Given how long voters had waited, and the rate at which the industry was burning through its limited capital waiting for sales to begin, Gundersen decided on a slower, softer opening, even though it meant fewer stores and limited product availability, rather than wait for a fully realized market opening that might not happen until sometime next year.
“We understand it’s not going to be the big celebratory day I am sure industry and consumers were hoping for,” Gundersen said. “It will be a slower start, yes, but that’s not necessarily a bad thing considering our priority when we launch is to do it as safely as possible … and of course, we fully expect the industry to grow.”
Industry analysts such as the Brightfield Group say it usually takes about 18 months for a recreational market to stabilize and produce enough supply to meet public demand. Until then, however, the price of legal adult-use “flower,” or the dried cannabis bud that people smoke, will be high. Prices will fall as more growers come on line.
But for now, Maine has licensed only seven recreational growers. Three are affiliated with already licensed shops that will begin sales Friday. That means most if not all of their harvest is likely to be used to supply their own stores. Two others are intended to supply retail shops that are still awaiting a final license, which means their harvest may be claimed, too.
That leaves just two adult-use growers – Room 5 in Detroit and Gele LLC in South Portland – to supply the retail shops that don’t have their own recreational grows now, such as Coastal Cannabis, and bolster the product supply and selection of the shops that do, such as Theory Wellness and SeaWeed Co., both in South Portland, and Firestorm Cultivation in Bangor.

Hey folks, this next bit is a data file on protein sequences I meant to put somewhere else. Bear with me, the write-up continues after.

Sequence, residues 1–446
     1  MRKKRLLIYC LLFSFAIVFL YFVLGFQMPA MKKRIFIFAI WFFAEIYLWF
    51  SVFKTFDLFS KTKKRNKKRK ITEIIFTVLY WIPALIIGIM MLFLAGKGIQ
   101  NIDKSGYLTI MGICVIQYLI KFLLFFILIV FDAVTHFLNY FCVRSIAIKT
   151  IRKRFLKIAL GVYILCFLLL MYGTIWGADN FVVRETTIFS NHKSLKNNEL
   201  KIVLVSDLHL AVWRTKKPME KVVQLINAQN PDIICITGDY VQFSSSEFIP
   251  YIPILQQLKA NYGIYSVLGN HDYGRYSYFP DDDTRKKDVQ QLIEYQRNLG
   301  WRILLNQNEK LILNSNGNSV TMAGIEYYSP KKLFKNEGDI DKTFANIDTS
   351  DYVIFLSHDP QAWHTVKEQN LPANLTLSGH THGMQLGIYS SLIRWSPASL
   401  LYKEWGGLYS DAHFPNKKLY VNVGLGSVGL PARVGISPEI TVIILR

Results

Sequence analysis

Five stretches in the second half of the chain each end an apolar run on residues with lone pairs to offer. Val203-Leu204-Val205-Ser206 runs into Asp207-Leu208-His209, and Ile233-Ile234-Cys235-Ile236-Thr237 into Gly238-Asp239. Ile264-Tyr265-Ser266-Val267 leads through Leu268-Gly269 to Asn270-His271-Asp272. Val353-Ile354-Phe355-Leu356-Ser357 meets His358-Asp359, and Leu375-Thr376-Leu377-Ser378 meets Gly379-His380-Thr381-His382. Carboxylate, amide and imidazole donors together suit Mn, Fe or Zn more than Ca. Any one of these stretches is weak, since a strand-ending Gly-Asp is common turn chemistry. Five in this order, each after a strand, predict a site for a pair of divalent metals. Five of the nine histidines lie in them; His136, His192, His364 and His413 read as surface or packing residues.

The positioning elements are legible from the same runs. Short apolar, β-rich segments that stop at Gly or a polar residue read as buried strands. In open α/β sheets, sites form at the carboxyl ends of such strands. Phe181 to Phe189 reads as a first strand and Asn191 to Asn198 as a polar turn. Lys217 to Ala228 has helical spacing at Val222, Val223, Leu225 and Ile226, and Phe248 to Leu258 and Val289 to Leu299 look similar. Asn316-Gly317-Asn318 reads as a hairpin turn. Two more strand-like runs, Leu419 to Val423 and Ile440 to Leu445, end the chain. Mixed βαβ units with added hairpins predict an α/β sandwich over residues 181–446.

Northland Botanicals received its retail license on the first possible day, but without an in-house grow himself, or plans to even apply for one, owner Mark Humphries is unsure what he will have available to sell on opening day. His small Stratton shop is a converted pharmacy that used to support the general store next door, which Humphries also runs.
“From the moment I got the license, all I’ve done is hunt for product,” Humphries said. “It’s cutthroat out there. I’ve had one guy give me a quote, and it’s pretty crazy, but I don’t have much choice. I figure I’m one of the first to get a license, so I’ve got to open, no matter what, even if I have to take a loss on every sale. In time, with more grows, I hope it gets better.”
HUNTING FOR SUPPLY
Even those stores with in-house grows are trying to find more supply so they can offer their customers a better selection and stay open beyond the Indigenous Peoples’ Day weekend, formerly known as Columbus Day. Some are negotiating trades between in-house grows to diversify their product menus. Meanwhile, licensed growers are harvesting everything they have, as fast as they can.
That’s not as much marijuana as you’d think. The first growers only got their licenses Sept. 8, meaning that even they won’t have the three months needed to grow marijuana from start to finish, clone to harvest. Instead, they will turn to the medical market to stock the shelves on opening day, taking advantage of a legal caveat that allows a one-time medical-to-recreational plant transfer.
Most adult-use growers started growing marijuana under the state’s medical program in hopes they could time it just right to buy their own medical marijuana from themselves, once they got their adult-use licenses. But nobody knows where they are in the line of more than 100 growers still awaiting their state license to grow recreational marijuana.
Some have hit the license lottery, while others are sitting on medical harvest, wondering whether they should sell to their patients or to a licensed recreational grower. Some medical providers are making a lot of money from selling medical plants into the adult-use supply chain, but others who hope to make that same jump could end up helping future rivals and running out themselves.